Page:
MADELINE BRAND, host:
From NPR News, it's DAY TO DAY.
New York City's famed yellow taxis are going green.
Today, Mayor Michael Bloomberg announced that within five years, every single cab in New York will be a hybrid. MARKETPLACE's Amy Scott joins us now from the Big Apple. Amy, yellow cabs - they are a New York institution. What's this going to do to the city's image when they ditch the Crown Vics?
AMY SCOTT: Well, it will certainly change, and New York isn't really the first city to do something like this. San Francisco is attempting something similar. That city has a plan to make every cab either a hybrid gas-electric car or one that runs on alternative fuel within the next three years. Chicago is starting to require some hybrid cabs. You know, these of course are fuel-efficient cars that run on both gasoline and an electric battery.
But for New York to do this is a pretty big deal. There are 13,000 taxis here. We have some of the worst air quality in the country, and the city has actually been dragging its feet on this issue for several years. But after a lot of political pressure and some testing of hybrid cabs, Mayor Bloomberg got on board. By next year, every new cab will have to get at least 25 miles to the gallon. And by 2012, all cabs will be hybrid.
COHEN: It doesn't sound like a cheap move. Who exactly is going to pay for this?
SCOTT: Well, cab drivers either buy their own cars or rent them from fleet operators so it's the owners who will ultimately pay the price. I talked to Todd Sigaty. He's a co-founder of Smart Transportation.org. The group really championed this effort in New York. And he says the cars do cost a few thousand dollars more.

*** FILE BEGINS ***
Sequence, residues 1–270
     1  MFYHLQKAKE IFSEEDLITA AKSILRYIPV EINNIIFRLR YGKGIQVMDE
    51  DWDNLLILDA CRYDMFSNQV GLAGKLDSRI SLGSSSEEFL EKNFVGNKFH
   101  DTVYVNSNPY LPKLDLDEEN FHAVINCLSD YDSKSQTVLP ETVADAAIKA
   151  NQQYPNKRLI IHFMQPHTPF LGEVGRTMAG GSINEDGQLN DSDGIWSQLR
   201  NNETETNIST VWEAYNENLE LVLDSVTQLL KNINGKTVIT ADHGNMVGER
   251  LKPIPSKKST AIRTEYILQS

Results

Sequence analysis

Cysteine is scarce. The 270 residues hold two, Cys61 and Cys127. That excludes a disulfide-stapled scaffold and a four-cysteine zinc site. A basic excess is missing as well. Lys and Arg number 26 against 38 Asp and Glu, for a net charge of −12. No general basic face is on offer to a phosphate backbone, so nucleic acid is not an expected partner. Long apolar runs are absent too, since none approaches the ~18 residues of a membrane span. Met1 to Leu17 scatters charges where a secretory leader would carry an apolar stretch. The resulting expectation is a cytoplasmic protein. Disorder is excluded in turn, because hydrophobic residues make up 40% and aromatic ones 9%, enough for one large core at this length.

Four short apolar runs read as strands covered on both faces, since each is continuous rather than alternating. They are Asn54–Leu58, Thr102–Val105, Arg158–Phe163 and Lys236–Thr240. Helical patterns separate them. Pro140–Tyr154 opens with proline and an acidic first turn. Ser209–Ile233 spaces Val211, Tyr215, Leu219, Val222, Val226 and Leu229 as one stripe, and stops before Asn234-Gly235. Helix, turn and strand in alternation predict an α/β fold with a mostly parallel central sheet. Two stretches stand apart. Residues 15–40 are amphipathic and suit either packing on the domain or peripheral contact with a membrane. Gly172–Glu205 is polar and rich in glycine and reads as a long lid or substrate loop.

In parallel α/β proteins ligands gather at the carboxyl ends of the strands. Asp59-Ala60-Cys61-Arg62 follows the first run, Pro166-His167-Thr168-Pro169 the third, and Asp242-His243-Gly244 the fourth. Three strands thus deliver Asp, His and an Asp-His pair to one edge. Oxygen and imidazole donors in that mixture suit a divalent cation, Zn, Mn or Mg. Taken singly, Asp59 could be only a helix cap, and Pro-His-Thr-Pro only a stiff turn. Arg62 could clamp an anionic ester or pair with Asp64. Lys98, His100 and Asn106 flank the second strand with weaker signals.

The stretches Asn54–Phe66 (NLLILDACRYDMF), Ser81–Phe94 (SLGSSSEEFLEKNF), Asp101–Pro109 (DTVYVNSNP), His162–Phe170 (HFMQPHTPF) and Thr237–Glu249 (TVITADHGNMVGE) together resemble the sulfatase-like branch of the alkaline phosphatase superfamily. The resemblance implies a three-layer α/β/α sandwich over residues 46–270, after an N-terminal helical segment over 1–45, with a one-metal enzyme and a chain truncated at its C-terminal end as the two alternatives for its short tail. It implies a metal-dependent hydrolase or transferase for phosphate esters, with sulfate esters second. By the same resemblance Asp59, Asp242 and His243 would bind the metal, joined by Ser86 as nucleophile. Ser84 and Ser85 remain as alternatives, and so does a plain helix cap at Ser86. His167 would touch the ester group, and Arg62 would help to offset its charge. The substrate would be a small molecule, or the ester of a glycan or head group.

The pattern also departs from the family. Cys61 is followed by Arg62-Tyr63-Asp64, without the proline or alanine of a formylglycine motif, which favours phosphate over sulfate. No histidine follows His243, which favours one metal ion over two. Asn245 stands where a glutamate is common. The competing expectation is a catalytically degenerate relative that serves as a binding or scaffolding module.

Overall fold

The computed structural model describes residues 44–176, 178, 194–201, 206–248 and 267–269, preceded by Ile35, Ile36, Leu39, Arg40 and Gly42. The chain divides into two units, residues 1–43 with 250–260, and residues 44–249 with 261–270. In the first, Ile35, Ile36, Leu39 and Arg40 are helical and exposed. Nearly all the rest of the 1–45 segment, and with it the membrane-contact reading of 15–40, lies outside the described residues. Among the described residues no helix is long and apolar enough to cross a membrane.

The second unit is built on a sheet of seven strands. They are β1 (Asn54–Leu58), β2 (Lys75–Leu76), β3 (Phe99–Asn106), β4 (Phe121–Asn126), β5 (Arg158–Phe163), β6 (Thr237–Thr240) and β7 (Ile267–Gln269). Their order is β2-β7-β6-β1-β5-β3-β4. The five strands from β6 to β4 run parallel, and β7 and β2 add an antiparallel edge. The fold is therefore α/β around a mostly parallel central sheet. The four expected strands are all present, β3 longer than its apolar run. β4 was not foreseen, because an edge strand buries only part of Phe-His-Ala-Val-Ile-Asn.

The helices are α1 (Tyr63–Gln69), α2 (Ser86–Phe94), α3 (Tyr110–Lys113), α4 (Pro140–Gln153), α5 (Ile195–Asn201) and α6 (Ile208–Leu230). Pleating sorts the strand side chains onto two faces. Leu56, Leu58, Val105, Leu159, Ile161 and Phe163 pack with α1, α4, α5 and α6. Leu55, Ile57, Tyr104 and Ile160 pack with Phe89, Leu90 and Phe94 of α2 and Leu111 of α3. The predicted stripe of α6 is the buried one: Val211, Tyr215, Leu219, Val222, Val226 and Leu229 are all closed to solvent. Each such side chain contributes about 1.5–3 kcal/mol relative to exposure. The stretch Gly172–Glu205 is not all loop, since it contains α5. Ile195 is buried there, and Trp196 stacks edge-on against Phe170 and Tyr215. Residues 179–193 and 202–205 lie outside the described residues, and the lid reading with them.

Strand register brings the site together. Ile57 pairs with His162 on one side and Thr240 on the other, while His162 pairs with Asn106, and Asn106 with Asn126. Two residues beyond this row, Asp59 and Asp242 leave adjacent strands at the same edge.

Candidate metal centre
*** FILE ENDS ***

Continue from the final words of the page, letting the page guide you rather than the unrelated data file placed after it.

Mr. TODD SIGATY (Smart Transportation.org): If you're an individual driver only driving a few hundred miles a month, it might take the life of the vehicle to even make your money back. But if you are a New York City taxi driver and you're putting in over 100,000 miles a year, it's basically a savings - depending on the car you buy - of around $4,000 to $7,000 a year.
SCOTT: Now, some large cab companies have been fighting this move over the increased costs, but a few cab drivers we talked to this morning were pretty supportive of the switch. You know, they're getting hammered by gas prices right now, so the idea of saving money on fuel is pretty appealing.
COHEN: What kind of hybrid cars are we talking about?
SCOTT: Well, officials aren't saying until a press conference this afternoon, but it sounds like it will be a mix. In tests so far they have been anything from the Toyota Prius to the Ford Escape. There's even a Hybrid Lexus model on the streets right now.
COHEN: Amy, for those who've never been in a hybrid car, they get really quiet sometimes when they're stopped at an intersection. You're radio person; what do you think the city's going to sound like with all these hybrid taxis?
SCOTT: Well, probably a bit quieter. They are apparently quieter than a vacuum cleaner when they're in electric mode, and that is apparently a concern, especially among the blind. But there is some effort underway...
COHEN: Concern that they're not going to hear these taxis?
SCOTT: Exactly. When they're coming, it could be dangerous. But apparently, there is an effort to come up with some kind of audible warning.
SCOTT: Thanks so much, Amy. Amy Scott of public radio's daily business show MARKETPLACE. It's produced by American Public Media.
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